My dad was full of advice. If you knew him, you are smiling right now because you know how much advice he gave you. And sometimes it was really good advice, though I rarely admitted that, especially not in front of him. One of his best pieces of advice was to never start a bike ride in the rain. You’ll end plenty of them in it, he said, so why start out like that? I thought of that advice as I hopped on my bike on an early Thursday morning. It was raining, and there I was, starting a ride in the rain. If I could talk to him I’d suggest he amend that advice–never start a bike ride in the rain, unless following that advice would mean having to take the bus in Baltimore. Continue reading
Everything predicted thunderstorms Sunday, but Brompty and I had things to do, and I mistakenly believed my jacket was waterproof, so we headed out between downpours for a ride to Broadmoor to see M. and D.’s new digs, including–so awesome–the baby’s room. It was an easy ride, retracing old steps on new bike lanes. I remember when the very first bike lane was installed in the city, and now the are everywhere. And there’s a new streetcar line, though that one doesn’t make much sense until you remember the Super Bowl was here. Infrastructure’s improved for industry, not residents (and this certainly isn’t just a NOLA thing), and here the industry is tourism. And I’m a tourist now, enough to get lost crossing under the I10 and just avoiding a dead end to the freeway on ramp. I took the bike lane on MLK and smaked left on Galvez, happy to have friends who moved to a neighborhood I never got to explore much. I overshot my right, dead-ended and turned around, and finally got my muddy no-fenders self to their door for breakfast and catch-up. Afterward, and after another downpour, it was back on the bike to Mid City to see R. and her new digs.all the bike lanes and streetcars in the world can’t help with this coty’s lack of drainage, so it was all avoiding puddles and small lakes there and then after back to the Treme. I meant to head straight back to S.’s house, but then I saw the dogs, so many dogs lined up for Barkus, rolling late due to weather. I remember when this was an upstart, and it still is, I guess, even if Bud Light signs welcomed me to it. And you can’t just join the parade; I watched a volunteer close the gates of Louis Armstrong park on a rather stunned gentleman and his pocket pooch. You need a “marching pass” to join a walking parade? Wow. And then the skies opened up again–my luck had run out. 20 minutes standing in the rain and it was time to thow on the towel. I pedaled “home,” a soggy mess, happy to have seen some old friends–people, pets, and problems.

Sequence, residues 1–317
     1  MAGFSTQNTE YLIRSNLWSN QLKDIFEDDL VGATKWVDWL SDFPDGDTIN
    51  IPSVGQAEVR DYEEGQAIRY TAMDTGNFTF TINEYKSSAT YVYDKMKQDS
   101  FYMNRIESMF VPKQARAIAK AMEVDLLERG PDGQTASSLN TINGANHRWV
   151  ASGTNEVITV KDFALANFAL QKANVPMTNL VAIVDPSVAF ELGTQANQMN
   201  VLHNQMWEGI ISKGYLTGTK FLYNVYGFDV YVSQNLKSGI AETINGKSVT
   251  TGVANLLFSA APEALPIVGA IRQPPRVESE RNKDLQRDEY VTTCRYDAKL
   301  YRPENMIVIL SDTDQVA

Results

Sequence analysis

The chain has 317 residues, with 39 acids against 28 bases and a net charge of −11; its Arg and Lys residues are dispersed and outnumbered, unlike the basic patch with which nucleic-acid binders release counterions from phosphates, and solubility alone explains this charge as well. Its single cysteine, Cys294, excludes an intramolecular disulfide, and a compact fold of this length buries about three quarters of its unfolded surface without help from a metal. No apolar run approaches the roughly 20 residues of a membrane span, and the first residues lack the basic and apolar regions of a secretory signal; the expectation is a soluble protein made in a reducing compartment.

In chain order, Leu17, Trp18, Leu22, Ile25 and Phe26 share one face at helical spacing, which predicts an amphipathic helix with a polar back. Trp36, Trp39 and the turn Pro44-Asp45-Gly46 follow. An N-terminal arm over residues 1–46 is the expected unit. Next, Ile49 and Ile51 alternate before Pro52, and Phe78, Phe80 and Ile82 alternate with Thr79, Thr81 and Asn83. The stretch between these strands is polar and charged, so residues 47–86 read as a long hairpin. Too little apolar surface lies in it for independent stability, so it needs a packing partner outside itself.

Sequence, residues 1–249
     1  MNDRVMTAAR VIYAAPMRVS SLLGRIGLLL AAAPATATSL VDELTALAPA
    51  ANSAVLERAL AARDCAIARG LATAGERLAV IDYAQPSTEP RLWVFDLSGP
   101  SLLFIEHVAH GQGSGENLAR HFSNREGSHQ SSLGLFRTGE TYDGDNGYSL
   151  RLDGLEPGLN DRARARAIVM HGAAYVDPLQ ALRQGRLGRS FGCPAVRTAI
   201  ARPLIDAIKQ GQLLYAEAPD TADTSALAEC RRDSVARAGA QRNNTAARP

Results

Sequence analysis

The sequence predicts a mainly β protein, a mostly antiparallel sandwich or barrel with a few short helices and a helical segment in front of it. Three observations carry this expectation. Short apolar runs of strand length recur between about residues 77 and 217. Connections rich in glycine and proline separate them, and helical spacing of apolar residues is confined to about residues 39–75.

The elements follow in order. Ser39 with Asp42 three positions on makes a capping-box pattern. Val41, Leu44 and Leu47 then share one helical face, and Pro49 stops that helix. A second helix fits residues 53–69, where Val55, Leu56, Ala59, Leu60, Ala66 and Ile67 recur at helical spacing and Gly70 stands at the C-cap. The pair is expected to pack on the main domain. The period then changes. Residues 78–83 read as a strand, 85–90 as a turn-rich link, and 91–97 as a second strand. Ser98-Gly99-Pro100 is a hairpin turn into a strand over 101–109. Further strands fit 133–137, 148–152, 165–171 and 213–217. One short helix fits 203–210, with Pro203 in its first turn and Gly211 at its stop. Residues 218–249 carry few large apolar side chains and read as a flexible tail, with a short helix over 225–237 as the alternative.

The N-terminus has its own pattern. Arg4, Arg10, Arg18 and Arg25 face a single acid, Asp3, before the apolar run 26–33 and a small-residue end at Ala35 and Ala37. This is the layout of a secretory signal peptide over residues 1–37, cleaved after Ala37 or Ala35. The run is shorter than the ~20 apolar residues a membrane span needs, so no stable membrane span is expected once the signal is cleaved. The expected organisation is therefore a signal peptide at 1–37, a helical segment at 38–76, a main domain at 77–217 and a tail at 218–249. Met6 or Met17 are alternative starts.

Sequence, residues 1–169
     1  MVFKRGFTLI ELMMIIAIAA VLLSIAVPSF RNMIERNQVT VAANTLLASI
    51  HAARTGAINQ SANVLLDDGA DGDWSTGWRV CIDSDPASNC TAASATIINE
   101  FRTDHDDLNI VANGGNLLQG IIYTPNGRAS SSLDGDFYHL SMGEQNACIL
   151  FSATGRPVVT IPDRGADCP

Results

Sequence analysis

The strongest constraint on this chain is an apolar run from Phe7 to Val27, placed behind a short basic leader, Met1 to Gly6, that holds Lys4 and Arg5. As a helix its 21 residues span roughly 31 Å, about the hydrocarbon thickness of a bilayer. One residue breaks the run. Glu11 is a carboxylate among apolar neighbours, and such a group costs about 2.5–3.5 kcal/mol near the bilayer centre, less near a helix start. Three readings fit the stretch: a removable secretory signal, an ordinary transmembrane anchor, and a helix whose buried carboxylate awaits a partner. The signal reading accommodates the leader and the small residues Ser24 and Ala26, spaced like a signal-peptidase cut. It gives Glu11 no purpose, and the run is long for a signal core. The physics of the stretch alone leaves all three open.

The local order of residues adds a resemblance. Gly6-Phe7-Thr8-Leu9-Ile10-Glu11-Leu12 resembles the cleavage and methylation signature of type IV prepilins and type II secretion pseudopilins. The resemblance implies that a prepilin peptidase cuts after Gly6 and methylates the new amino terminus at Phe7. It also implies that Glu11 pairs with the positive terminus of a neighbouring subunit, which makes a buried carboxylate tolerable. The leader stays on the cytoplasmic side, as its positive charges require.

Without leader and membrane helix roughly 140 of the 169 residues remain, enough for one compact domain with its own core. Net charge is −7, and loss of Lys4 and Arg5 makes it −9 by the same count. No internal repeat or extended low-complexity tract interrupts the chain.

I checked the weather reports before I left for work on Wednesday, even broke it out into 15 minute intervals, and the rain wasn’t necessarily going to fall, and if it did, maybe not until 10 at the earliest, and I was catching the 9:25 train. I did a little online shopping for the rain pants I wished I had and then rode under threatening skies to the train station. And then those skies opened up and I rethought that “I’ll get them later” moment at the bike shoppe when they asked me if I wanted to add fenders to the Brompty. Continue reading